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  1. #51
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    Mines best
    28lbs of 6" travel sweetness
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    Last edited by 856er; 04-20-2006 at 09:47 AM.

  2. #52
    aka baycat
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    Good insightfull post!

    And one correction my bike is the best, love affair with Iron Horse MKIII

    Blitzes Shmitzes!

  3. #53
    ride hard take risks
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    Quote Originally Posted by baycat
    Good insightfull post!

    And one correction my bike is the best, love affair with Iron Horse MKIII

    Blitzes Shmitzes!
    Your just a stud! must go through 2-3 relationships per year with different models & makes.

  4. #54
    aka baycat
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    haha yeah....but after reading these posts I gotta throw a leg over a blitz and see what it is all about!

  5. #55
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    Well I would just like to add that if I ever get my new bike (it's on a slow boat from China) I'm sure it will be better than everyones! HA! Except my old Trek 930 that refuses to die.

    Fuel for the Fire!!!

  6. #56
    ride hard take risks
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    Quote Originally Posted by baycat
    haha yeah....but after reading these posts I gotta throw a leg over a blitz and see what it is all about!
    Going to the Napa XC races this weekend? Blitz will be there doing pit duties & feed zone patrol. I have been helping a friends son get into XC, kid is fast & strong. Cant belive these XC quys, have to spin, get massage, stretch, pamperpamperpamper, DH riders go race yahoo. It's fun though.

  7. #57
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    I just wasted five minutes of my life that I will never get back reading this thread. One the other hand, it is kinda cool to see an AM forum.

    I think I'll go ride my 15 year old, piece of crap road bike now and try to get my pathetic a$$ into some sorta shape for the season.Do you think the local roadies will be more offended with my 6 speed cassette with downtube shifters? Time ATAC pedals and mtn bike shoe on a road bike? Or, baggy shorts, hairy legs and a Camelback Mule???

    Just ride the dayum bike.

  8. #58
    MTB B'dos
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    O.K. Kids , let's all just agree, to disagree and admit that Opinions are like a*holes, everyone has one and your own opinion is always the right one. AND I'm right 'cause that's my opinion and BTW GIANT Maestro is the best but I don't have stickers to prove it - yet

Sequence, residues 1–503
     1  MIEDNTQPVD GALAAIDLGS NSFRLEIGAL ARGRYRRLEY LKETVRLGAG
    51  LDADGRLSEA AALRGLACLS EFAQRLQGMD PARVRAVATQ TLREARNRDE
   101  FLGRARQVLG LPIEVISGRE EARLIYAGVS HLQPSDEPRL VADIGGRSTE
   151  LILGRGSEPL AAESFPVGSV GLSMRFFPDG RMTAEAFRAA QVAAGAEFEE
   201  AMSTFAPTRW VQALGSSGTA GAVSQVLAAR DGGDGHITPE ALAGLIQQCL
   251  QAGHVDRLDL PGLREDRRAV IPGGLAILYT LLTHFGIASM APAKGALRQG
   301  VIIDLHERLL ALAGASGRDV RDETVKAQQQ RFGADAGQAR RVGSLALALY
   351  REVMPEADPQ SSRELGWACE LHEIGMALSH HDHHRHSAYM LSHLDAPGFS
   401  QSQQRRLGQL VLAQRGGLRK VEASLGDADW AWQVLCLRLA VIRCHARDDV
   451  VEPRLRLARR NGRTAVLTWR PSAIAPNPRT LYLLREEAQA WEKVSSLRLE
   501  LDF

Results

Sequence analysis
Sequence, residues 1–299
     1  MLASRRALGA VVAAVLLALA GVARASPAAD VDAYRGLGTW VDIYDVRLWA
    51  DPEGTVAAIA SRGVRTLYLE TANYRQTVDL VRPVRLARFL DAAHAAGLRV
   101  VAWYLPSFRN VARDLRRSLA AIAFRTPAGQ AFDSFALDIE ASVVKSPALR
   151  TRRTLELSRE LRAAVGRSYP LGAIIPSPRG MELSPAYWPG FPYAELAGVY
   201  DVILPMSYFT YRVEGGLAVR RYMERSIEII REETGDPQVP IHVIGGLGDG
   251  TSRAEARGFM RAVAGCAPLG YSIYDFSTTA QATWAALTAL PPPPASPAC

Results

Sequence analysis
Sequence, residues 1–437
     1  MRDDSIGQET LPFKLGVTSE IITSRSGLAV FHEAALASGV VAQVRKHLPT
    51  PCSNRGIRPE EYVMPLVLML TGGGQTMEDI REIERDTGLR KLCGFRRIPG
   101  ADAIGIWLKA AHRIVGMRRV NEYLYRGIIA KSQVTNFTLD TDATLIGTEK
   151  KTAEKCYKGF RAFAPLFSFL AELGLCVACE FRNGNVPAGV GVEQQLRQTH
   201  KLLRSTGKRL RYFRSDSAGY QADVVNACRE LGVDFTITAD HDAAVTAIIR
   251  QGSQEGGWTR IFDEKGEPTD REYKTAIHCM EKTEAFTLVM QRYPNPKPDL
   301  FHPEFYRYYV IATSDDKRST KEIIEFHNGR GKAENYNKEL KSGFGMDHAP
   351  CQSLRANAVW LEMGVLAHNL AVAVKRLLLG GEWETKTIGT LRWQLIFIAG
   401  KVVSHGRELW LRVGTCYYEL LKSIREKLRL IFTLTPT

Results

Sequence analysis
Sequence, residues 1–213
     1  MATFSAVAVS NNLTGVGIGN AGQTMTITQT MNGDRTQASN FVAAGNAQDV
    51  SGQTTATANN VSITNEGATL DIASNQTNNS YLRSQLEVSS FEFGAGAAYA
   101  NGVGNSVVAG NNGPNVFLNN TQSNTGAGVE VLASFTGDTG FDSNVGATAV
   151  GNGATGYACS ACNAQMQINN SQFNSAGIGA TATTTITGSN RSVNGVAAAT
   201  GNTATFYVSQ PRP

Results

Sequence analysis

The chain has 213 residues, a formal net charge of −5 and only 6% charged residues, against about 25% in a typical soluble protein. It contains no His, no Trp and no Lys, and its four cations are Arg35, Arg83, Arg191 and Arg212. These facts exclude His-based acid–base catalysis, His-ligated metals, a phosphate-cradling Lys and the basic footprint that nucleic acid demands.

One day your life will flash before your eyes, will it be worth watching??
    MTB Barbados
    My Phantom pics

  9. #59
    ride hard take risks
    Reputation: dogonfr's Avatar
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    Quote Originally Posted by Mojo Troll
    I just wasted five minutes of my life that I will never get back reading this thread. One the other hand, it is kinda cool to see an AM forum.

    I think I'll go ride my 15 year old, piece of crap road bike now and try to get my pathetic a$$ into some sorta shape for the season.Do you think the local roadies will be more offended with my 6 speed cassette with downtube shifters? Time ATAC pedals and mtn bike shoe on a road bike? Or, baggy shorts, hairy legs and a Camelback Mule???

    Just ride the dayum bike.
    Ahh but you were probibly enjoying the humor rolling on the floor laughing at a senseless over written debate that some insist on bringing up over & over.
    Sniffers like you get the thumbs up riding down the road, oh wait your not a sniffer your a bike rider, cool ride on doubble thumbs up.

  10. #60
    TNC
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    Prophet, one point I'd always debate with you, in a friendly manner of course, is that Lefty fork. Not an issue of functional operation necessarily, but a very serious proprietary issue. When it comes to bikes, I'm pretty much down on stuff that requires lots of special parts and where availability can become a problem for down time during a parts failure or service. Yes, I know you can get a reducer for your frame, and that saves the bacon for C'dale's frames at least as far as I'm concerned. The Lefty, however, is too weird. It's harder to work on and requires a special hub. You won't find a front wheel for your bike on Jenson's Blowout Sale. That may not be important to you, but most customers need that flexibility.

    Your Prophet frame, on the other hand, is a very nice piece of work. It's nothing special, but it's a very solid, good performing design...kinda like a Heckler IMHO. I think Geminis are darned good bikes too.